Popularization of research advances on COVID-19

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The Fc domain proven to be useful

At the moment only Dexamethasone (immunosuppressant) and Remdesivir (antiviral) have proved to be clinically effective against COVID-19, and then only in certain conditions. The passive transfer of neutralizing antibodies (taken from convalescing patients) is an interesting alternative since it can be used as a preventative measure as well as in treatment. This approach has proved effective in a certain number of preclinical models (mice, hamsters, monkeys) and has shown promising results in clinical trials. The FDA (Food & Drug Administration) has already authorized Bamlanivimab and Casirivimab (monoclonal neutralizing antibodies) in the treatment of some patients. The most effective antibodies  target the RBD (Receptor Binding Domain) of the spike protein, which interacts with the ACE2 receptor, thereby blocking the virus’ entry into the target cell.

In addition to this direct neutralization mechanism, the antibodies can also enable the killing of infected cells by the “effective Fc function”: the Fc domain (different to that which interacts with the spike) binds to the FcgR receptors situated on certain immune cells, and optimizes their immune response. This appears to be effective in the treatment of infected patients.

This can be schematically represented as follows:

However some studies indicate that this mechanism may increase viral infection or cause undesireable immune system responses. It is therefore necessary to understand the implications of using the FC function as specific protection against SARS- CoV- 2.

American researchers at the Universities of Saint Louis and Nashville evaluated the effects of a neutralizing antibody with its Fc function removed. They used an antibody directed against the RBD, the COV2-2050. They muted its Fc region to make it inoperative (LALA-PG), then it was characterized by in vitro testing. They intraperitoneally administered increasing doses of antibodies to transgenic mice, which express the ACE2 human receptor, 16 hours before the mice were infected with SARS-CoV-2 (intranasally).

What were their observations ? With a control antibody (non-specific to SARS-CoV-2), the mice lost weight and showed a high level of viral charge over the next days (detected by PCR). When COV2-2050 or LALA-PG were administered, both gave the mice the same level of protection: weight loss was blocked with 1,6 mg of antibodies, and viral infection was reduced to 8 mg. These results were based solely on the antibodies’ direct neutralization functions.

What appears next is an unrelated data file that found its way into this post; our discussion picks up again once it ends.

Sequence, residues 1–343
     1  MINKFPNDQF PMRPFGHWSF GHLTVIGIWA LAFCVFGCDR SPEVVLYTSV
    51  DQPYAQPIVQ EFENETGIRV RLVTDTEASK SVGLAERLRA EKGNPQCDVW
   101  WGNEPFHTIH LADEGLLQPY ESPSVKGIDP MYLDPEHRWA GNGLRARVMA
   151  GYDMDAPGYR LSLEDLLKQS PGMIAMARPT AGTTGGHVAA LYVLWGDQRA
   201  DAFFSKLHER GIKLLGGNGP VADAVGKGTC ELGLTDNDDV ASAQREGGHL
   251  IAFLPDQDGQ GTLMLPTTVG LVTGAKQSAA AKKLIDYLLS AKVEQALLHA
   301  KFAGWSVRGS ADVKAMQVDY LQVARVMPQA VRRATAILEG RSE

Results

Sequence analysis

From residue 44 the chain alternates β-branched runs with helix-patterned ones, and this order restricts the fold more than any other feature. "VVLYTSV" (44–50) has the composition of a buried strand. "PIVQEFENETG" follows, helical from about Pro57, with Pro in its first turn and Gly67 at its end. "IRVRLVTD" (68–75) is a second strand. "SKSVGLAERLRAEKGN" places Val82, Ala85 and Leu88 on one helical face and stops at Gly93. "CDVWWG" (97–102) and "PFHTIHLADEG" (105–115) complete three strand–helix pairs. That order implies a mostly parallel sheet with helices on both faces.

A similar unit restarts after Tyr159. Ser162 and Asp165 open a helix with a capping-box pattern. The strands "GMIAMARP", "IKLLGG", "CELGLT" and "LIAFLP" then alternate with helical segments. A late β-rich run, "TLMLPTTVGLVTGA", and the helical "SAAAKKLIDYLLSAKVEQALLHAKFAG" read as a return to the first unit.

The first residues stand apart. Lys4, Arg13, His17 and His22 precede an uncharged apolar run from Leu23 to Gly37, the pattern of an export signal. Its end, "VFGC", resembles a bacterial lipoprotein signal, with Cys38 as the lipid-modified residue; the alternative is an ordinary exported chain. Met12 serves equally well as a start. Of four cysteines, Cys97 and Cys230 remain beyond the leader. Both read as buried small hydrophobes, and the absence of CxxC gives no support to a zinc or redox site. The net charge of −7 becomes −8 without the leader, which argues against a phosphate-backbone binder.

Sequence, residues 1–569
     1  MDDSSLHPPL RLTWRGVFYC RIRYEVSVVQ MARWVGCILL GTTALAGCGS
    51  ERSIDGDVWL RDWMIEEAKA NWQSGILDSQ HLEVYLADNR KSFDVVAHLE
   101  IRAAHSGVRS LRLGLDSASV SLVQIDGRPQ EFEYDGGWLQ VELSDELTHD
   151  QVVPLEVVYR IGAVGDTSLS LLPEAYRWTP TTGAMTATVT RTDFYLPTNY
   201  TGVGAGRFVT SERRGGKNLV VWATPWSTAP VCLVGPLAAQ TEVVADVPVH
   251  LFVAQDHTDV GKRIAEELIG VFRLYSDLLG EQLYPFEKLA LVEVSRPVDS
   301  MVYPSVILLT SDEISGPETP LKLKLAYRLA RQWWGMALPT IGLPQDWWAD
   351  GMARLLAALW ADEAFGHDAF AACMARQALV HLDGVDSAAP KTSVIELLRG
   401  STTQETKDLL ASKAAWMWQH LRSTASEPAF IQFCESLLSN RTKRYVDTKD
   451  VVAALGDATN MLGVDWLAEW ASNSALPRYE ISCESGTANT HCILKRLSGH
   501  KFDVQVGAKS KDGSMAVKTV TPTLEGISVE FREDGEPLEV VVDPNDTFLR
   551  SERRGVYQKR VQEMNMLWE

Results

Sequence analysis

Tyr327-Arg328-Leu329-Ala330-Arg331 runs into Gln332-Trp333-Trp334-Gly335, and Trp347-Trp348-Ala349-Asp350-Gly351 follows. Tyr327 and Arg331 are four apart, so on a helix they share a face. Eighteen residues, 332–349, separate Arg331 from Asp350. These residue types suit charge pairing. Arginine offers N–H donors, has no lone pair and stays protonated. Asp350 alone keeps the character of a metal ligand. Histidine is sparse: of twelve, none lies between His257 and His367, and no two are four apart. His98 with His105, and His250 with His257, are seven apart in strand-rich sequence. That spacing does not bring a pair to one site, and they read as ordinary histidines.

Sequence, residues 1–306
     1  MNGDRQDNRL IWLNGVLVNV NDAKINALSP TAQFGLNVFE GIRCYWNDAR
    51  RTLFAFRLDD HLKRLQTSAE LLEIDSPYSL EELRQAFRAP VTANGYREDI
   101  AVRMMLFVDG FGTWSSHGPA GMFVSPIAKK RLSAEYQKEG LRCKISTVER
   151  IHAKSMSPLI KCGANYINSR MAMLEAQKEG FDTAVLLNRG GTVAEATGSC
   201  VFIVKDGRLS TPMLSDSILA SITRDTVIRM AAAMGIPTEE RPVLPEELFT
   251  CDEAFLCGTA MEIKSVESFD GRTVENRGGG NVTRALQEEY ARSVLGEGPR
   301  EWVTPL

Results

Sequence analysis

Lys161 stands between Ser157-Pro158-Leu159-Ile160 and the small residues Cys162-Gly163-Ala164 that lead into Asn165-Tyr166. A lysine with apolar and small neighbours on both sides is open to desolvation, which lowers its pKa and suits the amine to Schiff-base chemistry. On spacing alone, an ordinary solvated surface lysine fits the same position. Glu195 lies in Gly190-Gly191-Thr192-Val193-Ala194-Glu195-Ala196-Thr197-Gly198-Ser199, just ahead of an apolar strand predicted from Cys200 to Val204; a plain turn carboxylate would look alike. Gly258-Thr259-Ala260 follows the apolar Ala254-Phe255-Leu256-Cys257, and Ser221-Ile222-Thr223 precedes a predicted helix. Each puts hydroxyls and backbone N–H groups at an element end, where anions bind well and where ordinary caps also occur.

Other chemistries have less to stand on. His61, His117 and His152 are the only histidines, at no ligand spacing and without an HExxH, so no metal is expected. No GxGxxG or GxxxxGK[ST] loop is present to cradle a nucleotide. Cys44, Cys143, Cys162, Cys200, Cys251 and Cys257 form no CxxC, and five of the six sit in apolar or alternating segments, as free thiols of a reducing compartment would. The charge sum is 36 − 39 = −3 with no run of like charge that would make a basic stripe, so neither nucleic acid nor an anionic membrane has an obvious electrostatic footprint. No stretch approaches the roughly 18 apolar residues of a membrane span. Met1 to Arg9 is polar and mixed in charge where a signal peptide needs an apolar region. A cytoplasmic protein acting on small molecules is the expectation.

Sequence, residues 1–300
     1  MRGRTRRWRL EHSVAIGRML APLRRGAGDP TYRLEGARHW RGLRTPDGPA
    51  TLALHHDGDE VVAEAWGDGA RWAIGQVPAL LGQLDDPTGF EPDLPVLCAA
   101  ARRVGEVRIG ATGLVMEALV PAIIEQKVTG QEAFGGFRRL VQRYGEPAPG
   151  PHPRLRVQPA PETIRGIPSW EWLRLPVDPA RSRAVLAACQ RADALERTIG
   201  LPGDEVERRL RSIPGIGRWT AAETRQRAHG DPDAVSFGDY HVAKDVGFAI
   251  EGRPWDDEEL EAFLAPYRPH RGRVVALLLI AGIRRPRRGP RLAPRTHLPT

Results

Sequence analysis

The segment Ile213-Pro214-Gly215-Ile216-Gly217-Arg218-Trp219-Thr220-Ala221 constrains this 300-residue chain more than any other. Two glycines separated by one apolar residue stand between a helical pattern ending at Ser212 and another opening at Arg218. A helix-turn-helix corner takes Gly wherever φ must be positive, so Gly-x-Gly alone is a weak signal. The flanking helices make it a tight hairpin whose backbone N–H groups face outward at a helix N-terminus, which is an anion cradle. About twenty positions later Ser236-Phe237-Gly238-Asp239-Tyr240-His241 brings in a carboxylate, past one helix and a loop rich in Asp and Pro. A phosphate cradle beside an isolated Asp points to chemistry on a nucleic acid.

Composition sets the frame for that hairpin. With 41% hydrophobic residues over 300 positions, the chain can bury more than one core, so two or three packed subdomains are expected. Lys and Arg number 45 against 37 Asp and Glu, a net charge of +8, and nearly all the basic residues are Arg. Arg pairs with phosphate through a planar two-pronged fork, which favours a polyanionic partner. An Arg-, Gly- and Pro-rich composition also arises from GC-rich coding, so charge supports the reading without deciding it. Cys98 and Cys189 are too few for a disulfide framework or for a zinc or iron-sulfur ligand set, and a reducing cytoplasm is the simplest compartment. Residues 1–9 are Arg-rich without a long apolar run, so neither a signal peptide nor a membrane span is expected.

But when the COV2-2050 antibody was given after infection (1, 2 or 3 days later), it reduced weight loss, viral charge, pulmonary inflammation and lethality. However, the same results were not obtained with LALA-PG. It was observed that the effective Fc function reduces the activation and infiltration of immune cells, as well as levels of inflammatory cytokines (IL-6, IFN-g, CXCL10…) in the lungs, which improves respiratory function and clinical prognosis.

The native antibody therefore seems to be more effective when it is administered before the peak level of viral replication, which is after 2 days in this model. These results were confirmed in hamsters, but also using 3 other neutralizing antibodies (COV2-3025, COV2-2072, COV2-2381).

After carrying out RNA sequencing of the pulmonary cells of the mice 8 days after infection, the researchers observed that COV2-2050, but not LALA-PG, reduces the expression of genes linked to innate immunity (dependent on the IFN and NF-kB channels). In addition, the expression of genes involved in the repair of pulmonary tissues remained intact and identical to that of naive mice.

In order to identify the types of cells involved in these mechanisms, the researchers re-launched the experiment, and antibodies specific to certain immune cells (monocytes, NK, neutrophiles, TCD8+) were administered to mice to prompt their destruction (depletion by antibodies). They observed that the presence of monocytes (which may differentiate into macrophages or dendritic cells) is necessary to protect against weight loss, whereas TCD8 are indispensable to eliminate the virus from the organism. During this study, increases in infection levels or undesirable inflammatory reactions were not observed.

This can be schematically represented as follows:

In conclusion, the antibody neutralization function seems to be enough to prevent infection (prophylactic treatment), but once infection is established, this mechanism no longer suffices as treatment and the effective Fc function becomes indispensable. By its action on the monocytes, which express FcgR and secrete cytokines), the Fc reprograms the immune response and reduces inflammation. In addition, phagocytosis of the virus by these cells (once they have matured) will optimize the activation of the TCD8+ cells, which in turn will take charge of lysing infected cells and eventually eliminate the virus from the organism. Although it is worth further investigating these mechanisms, the researchers suggest that optimization of neutralization domains and of the antibody Fc function by molecular engineering will improve the effectiveness of these treatments.
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